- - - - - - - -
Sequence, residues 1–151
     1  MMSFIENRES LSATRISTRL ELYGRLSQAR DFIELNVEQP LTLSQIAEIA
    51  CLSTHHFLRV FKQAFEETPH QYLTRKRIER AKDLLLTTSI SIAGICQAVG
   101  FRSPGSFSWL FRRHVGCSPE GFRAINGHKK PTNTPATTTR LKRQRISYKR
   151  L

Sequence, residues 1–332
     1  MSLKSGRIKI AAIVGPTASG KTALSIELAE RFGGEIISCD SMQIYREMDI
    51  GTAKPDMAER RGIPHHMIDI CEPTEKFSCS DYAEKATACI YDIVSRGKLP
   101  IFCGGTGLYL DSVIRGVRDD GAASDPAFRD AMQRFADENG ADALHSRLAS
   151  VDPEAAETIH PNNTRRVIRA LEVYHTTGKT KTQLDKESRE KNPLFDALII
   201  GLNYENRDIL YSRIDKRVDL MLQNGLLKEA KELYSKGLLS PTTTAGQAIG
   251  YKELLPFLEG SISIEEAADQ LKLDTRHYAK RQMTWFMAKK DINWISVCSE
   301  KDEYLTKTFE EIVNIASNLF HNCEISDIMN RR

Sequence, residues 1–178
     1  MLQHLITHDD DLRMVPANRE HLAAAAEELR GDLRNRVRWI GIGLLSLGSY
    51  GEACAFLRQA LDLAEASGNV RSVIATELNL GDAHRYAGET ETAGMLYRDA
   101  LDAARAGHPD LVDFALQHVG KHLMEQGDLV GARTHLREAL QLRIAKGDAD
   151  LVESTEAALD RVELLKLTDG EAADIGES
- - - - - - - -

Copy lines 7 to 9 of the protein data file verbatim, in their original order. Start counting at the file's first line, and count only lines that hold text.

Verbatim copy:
     1  MSLKSGRIKI AAIVGPTASG KTALSIELAE RFGGEIISCD SMQIYREMDI
    51  GTAKPDMAER RGIPHHMIDI CEPTEKFSCS DYAEKATACI YDIVSRGKLP
   101  IFCGGTGLYL DSVIRGVRDD GAASDPAFRD AMQRFADENG ADALHSRLAS